For Immediate Release
April 20, 2011
WASHINGTON, D.C. - During Christianity’s holiest week, China has renewed pressure on Christians who refuse to subject themselves to government control. The U.S. Commission on International Religious Freedom (USCIRF) urges the Chinese government to allow all Easter services to proceed without harassment or detentions, including planned public worship by Beijing’s Shouwang Church.
Over 100 members of that church were detained last week for holding public prayer services to protest restrictions on their access to property purchased in 2009. The Shouwang Church which has over 1,000 members, tried to legally register independent of the government-controlled Protestant organization, and bought property on which to build a church, raising about $4 million, according to the NGO ChinaAid.
“Beijing has again responded with ruthless intolerance to peaceful religious activity,” said Leonard Leo, USCIRF chair. “The Shouwang Church tried to play by rules that the Chinese government keeps changing. Beijing’s action further alienates the fast growing number of religious believers in China, particularly during Easter, the most sacred week in Christianity.”
The detentions of Shouwang Church members come amid a broader crackdown on scores of advocates, bloggers, lawyers, artists, and writers that began in February in a campaign to forestall any public protests within China similar to the "Jasmine Revolution" in the Middle East and North Africa. Detained and disappeared advocates include Teng Biao and Fan Yafeng.
Lawyer Jiang Tianyong resurfaced this week after disappearing for over two months. However, Liu Xia, the wife of imprisoned Nobel Prize laureate Liu Xiaobo, remains under strict “house arrest;” she is reportedly not allowed visitors and no one has heard from her since October 18, 2010.
Crackdowns on the public worship activities of the Shouwang church are more than attempts to maintain public order, they are evidence of renewed efforts by the Chinese government to control independent religious practice. In a February 2011 speech, Wang Zu’on, head of China's State Administration for Religious Affairs (SARA), called on government officials to renew efforts to "guide" unregistered Protestants to worship in state-sanctioned churches and “break” large churches like Shouwang into small groups. He also outlined efforts to further deny Chinese Catholics the freedom to make bishop appointments with the Vatican’s approval, require Muslims to pass political tests to go on pilgrimages, and better manage Tibetan Buddhist monasteries and unregistered shrines.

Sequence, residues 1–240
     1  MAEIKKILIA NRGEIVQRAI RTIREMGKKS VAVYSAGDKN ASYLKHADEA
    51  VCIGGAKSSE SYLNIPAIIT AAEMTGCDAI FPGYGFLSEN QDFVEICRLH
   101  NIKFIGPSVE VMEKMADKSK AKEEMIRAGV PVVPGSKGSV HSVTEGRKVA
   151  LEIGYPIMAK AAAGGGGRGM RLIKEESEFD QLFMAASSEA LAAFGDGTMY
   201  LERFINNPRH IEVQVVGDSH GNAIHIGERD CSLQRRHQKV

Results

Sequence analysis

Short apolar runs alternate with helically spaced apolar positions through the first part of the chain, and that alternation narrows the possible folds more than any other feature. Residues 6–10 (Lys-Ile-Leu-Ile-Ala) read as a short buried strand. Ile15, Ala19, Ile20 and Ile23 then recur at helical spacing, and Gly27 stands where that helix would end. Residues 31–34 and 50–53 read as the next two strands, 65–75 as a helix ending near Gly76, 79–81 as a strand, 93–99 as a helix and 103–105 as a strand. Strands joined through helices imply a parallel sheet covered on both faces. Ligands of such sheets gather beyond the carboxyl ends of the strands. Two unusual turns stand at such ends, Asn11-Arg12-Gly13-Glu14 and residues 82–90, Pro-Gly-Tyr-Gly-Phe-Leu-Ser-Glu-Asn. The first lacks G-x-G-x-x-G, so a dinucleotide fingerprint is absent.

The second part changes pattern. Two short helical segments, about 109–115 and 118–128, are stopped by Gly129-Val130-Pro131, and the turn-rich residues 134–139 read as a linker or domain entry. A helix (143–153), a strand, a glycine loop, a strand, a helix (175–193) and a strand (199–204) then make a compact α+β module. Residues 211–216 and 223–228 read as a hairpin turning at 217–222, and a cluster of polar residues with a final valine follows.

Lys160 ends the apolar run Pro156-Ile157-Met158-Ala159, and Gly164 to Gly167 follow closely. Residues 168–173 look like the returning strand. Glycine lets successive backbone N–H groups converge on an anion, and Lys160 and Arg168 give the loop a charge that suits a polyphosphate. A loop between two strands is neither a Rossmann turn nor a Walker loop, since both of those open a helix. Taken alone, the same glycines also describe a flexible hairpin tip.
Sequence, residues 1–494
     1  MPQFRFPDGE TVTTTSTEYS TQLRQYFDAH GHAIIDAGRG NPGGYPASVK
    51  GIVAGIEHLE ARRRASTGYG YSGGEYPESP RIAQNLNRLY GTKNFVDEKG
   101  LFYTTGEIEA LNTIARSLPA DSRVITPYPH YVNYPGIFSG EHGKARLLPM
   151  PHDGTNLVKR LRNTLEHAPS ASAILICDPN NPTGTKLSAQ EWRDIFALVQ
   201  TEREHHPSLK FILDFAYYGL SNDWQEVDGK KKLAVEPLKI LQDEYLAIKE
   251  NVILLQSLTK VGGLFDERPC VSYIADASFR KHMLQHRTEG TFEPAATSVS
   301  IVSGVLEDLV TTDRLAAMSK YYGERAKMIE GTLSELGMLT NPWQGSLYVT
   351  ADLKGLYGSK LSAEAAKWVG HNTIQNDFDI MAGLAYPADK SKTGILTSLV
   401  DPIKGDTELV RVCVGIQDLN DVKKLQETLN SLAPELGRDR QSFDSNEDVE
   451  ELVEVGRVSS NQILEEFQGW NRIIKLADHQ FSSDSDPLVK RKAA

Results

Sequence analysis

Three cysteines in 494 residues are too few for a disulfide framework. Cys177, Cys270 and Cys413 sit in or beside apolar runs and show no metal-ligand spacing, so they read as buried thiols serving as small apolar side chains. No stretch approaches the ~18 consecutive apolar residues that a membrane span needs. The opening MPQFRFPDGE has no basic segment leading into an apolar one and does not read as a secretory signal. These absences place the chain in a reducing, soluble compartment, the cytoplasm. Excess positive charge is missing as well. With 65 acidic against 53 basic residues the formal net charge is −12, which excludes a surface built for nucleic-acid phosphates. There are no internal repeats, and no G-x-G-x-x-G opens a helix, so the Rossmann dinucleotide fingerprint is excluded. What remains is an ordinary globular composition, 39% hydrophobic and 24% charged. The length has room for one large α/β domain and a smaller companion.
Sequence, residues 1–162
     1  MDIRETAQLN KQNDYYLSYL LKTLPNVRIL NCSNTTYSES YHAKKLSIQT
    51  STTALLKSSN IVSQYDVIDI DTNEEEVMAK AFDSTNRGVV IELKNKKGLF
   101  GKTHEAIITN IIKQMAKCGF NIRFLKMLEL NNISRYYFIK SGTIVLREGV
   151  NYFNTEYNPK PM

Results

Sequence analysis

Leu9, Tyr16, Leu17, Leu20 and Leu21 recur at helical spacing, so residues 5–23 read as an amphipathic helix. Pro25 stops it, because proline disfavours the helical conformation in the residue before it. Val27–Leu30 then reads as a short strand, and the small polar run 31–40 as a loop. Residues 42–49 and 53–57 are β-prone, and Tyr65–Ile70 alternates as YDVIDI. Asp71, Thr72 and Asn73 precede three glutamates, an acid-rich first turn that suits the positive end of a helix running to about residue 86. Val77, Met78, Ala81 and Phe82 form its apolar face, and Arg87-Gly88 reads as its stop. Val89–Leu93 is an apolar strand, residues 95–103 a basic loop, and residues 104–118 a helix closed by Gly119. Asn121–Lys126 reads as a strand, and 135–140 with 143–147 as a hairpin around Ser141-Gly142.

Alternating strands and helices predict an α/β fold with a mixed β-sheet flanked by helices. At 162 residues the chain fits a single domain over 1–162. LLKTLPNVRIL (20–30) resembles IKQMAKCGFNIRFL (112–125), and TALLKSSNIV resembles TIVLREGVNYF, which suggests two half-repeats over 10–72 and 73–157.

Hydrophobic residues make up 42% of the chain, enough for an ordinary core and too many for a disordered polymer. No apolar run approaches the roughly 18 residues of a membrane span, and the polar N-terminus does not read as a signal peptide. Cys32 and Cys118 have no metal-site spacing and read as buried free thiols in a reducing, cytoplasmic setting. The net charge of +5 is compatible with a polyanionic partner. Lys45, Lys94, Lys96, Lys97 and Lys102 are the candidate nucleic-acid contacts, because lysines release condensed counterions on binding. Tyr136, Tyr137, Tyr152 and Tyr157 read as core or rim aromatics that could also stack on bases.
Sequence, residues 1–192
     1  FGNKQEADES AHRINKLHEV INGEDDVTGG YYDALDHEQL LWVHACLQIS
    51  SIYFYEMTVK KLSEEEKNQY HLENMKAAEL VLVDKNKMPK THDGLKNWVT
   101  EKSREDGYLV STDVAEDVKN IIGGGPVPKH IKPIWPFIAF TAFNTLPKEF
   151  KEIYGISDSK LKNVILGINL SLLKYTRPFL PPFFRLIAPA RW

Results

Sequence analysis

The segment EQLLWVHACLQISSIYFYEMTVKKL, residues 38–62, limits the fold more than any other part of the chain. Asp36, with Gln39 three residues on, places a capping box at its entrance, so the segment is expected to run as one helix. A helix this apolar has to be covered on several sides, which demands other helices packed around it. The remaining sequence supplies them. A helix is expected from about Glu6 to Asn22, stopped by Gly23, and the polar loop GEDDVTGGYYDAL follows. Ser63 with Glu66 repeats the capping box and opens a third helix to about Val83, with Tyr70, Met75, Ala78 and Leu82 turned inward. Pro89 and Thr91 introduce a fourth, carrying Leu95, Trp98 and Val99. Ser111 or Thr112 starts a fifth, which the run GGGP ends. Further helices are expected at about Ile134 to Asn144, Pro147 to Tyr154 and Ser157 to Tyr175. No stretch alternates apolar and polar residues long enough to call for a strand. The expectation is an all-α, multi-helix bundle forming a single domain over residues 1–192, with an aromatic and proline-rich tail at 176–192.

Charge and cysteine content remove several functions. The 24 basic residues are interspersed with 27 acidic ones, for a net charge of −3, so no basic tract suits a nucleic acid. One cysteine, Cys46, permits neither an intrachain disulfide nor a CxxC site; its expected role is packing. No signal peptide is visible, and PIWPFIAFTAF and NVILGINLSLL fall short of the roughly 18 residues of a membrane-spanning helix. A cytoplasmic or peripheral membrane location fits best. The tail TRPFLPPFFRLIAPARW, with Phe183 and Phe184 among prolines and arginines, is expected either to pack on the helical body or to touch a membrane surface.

“Renewed calls to restrict and control the activities of Protestants, Catholics, Muslims, and Tibetan Buddhists are particularly troubling,” said Leo. “Obviously, China does not see the rule of law or religious freedom as being in its long-term interests. The United States cannot be silent, thinking this will allow more flexible economic and security arrangements with Beijing. We should speak publicly on behalf of those peacefully seeking reform, coordinate action with allies concerned about human rights, and raise prominently religious freedom issues at next month’s U.S.-China Economic and Strategic Dialogue.”
USCIRF is an independent, bipartisan U.S. federal government commission. USCIRF Commissioners are appointed by the President and the leadership of both political parties in the Senate and the House of Representatives. USCIRF’s principal responsibilities are to review the facts and circumstances of violations of religious freedom internationally and to make policy recommendations to the President, the Secretary of State and Congress.
To interview a USCIRF Commissioner, contact Tom Carter, Communications Director at
or (202) 523-3257.